Skewed Straight Sets

Australian Open, Second Round (Day Three)

Presumably everyone who cares to know is already exhausted by the unfolding brouhaha between the world’s finest male tennis players and the sport’s governing bodies. The salient issues include the excessive length of the season, scheduling, prize money, the Davis Cup, Mike Bryan’s volleyball court, and Rafael Nadal’s concern that his tennis career might adversely impact his recreational holidays in years to come.* I think there might be a butler strike looming, as well. The men held a spirited meeting last Saturday, and apparently decided that the best way to air their demands would be to combine them all into one phenomenally garbled message, and then have random players essay conflicting announcements whenever they felt like it. Those for whom English is a second language were encouraged to speak first and loudest. There was, briefly, talk of a player’s strike, although this did not eventuate. Instead, through two days of criminal heat at Melbourne Park, the players chose to express their solidarity by killing each other in as many five set marathons as possible. I suppose it could have been worse. It could have been interpretive dance.

The rage, like the weather, had apparently cooled by the time the second round got underway this morning, although it warmed to a white heat as the day wore on. The early going saw most winners move through in straight sets, although the matches were as skewed as straight sets can be. By the evening however, our heroes had rewarmed to the task of pulverising each other. Nalbandian almost pulverised the umpire. It looked like a lot of work, and I’m amazed they haven’t demanded better recompense, or shorter hours.

Falla d. (8) Fish, 7/6 6/3 7/6

The only certainties, as Mardy Fish whined, slouched and ultimately collapsed in straight sets on Court Three today, were that he would later complain about Alejandro Falla’s constant recourse to the trainer in the final set, and that the tiresome puns on both player’s names would flow. ‘Fish was not on Falla today!’ ran one, like literary diarrhoea. There are times when it’s hard to be disappointed enough in your fellow man.

Fish’s post-match interview was predictably dominated by an awkward discussion of the rules and etiquette surrounding cramps and the treatment thereof, although to be fair to Fish, he was only answering questions as they came at him. It was the journalists who couldn’t let it go, although that didn’t deter most of them from writing it up as a cautionary tale of sour grapes. (Think back to Wimbledon 2010, when Federer carelessly mentioned a back injury. He then spent the remainder of the presser fielding follow-up questions, with the result that he was accused of giving his opponent too little credit.) To his credit, Fish conceded that he didn’t lose because Falla received some rubs during the changeovers. No, he lost because he couldn’t get over the fact that Falla received some rubs during the changeovers.There is a difference; the gap in which Fish so often loses himself. ‘I’m only human,’ he explained afterwards.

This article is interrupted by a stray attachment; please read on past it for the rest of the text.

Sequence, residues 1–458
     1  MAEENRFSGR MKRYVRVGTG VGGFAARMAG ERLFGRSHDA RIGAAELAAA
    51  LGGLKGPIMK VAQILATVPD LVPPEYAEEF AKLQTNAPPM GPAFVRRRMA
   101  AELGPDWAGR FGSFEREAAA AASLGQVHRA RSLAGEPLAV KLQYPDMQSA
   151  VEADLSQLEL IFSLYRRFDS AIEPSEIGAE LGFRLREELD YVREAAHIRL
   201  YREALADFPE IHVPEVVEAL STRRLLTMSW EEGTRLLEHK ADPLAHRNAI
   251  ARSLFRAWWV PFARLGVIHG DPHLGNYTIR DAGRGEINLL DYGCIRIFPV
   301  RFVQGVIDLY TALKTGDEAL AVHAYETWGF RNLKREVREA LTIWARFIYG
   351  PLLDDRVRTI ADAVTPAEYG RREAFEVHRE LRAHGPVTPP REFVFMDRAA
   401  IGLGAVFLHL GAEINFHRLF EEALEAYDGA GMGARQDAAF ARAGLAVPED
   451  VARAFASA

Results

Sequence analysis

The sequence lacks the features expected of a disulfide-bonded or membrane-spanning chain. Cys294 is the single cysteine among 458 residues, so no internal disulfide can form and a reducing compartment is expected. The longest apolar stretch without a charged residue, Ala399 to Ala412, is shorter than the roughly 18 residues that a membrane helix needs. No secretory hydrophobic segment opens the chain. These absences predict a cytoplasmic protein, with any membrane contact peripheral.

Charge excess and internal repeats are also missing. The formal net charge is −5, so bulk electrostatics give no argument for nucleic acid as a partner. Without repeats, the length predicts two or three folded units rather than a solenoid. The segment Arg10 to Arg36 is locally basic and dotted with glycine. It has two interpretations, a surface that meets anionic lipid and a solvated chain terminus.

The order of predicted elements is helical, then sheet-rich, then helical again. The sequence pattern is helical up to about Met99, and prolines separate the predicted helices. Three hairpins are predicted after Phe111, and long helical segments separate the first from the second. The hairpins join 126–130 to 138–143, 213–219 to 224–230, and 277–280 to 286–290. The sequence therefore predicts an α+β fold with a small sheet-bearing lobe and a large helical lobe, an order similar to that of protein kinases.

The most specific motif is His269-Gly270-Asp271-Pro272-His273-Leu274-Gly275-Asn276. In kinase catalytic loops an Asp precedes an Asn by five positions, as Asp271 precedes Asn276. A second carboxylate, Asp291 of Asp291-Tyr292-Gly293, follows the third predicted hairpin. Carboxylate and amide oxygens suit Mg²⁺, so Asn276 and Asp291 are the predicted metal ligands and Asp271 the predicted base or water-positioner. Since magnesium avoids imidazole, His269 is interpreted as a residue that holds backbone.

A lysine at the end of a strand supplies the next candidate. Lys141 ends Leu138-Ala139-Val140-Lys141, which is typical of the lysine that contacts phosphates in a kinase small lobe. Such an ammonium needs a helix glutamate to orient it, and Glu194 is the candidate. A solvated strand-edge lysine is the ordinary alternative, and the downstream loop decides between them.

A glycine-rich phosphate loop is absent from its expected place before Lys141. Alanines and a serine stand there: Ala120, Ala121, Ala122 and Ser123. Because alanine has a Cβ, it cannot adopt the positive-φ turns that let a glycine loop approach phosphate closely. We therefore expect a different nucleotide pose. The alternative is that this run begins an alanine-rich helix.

In keeping with the new solidarity, neither man would reveal what was uttered at the sour handshake.

(2) Nadal d. Haas, 6/4 6/3 6/4

Initially Tommy Haas’ encounter with Nadal felt like a tragic mismatch, as though the German had brought a knife to a gunfight, or deployed light-cavalry against a full Panzer division. Here was a former world No.2 against the current No.2, and it was a clear case of mortality writ large, an indication of the degree to which the epoch has shifted. At 4/0 down, the story was practically writing itself. This was a shame for Haas, but I wasn’t about to turn down so clear an invitation to unleash any number of worn clichés.

Then, Haas held. A patronising mutter rippled around Rod Laver Arena. Good for him! He soon broke Nadal, then held, then broke again. The staggered mutters joined up into a perpetual buzz. Haas moved to yet another break point at 4/5. Nadal unloaded three big serves to salvage the set, but it was a close run thing. The knife-fighter had transformed the duel, by closing and grappling. My lazy write-up took a turn for the onerous.

Haas had turned it around with a sudden and frankly unlikely strategic adjustment. He began to loft junk-balls at Nadal’s backhand, and the Spaniard, whose backhand will sometimes run hot but can lose shape in a true crucible, began to miss.  This disrupted his entire game. The issue, sadly, was that this is not Haas’ natural game, and he has always been prodigiously impatient. The German’s focus cracked at the start of the second set, and Nadal rode the single break to the end. Haas surged ahead for a time in the third, but it was destined not to last.

Afterwards, as Spidercam swooped in gaily, the players clasped hands warmly, exchanging endearments. Nadal applauded as the crowd was invited to appreciate Haas’ effort. The effect was immensely valedictory. Haas removed his shirt and threw it to a girl in the crowd, facilitating one young lady’s life-long dream of being doused in his sweat.

 

*To be fair, Mike Bryan’s volley ball court issue is not the full extent of his complaints: he doesn’t have enough time to enjoy his new swimming pool, either. When Steve at Shanktennis.com dared poke fun at this, he was summarily branded a ‘hater’ by Alex Bogomolov Jr., a senselessly ad hominem epithet too readily levelled at anyone who dares disagree with you.

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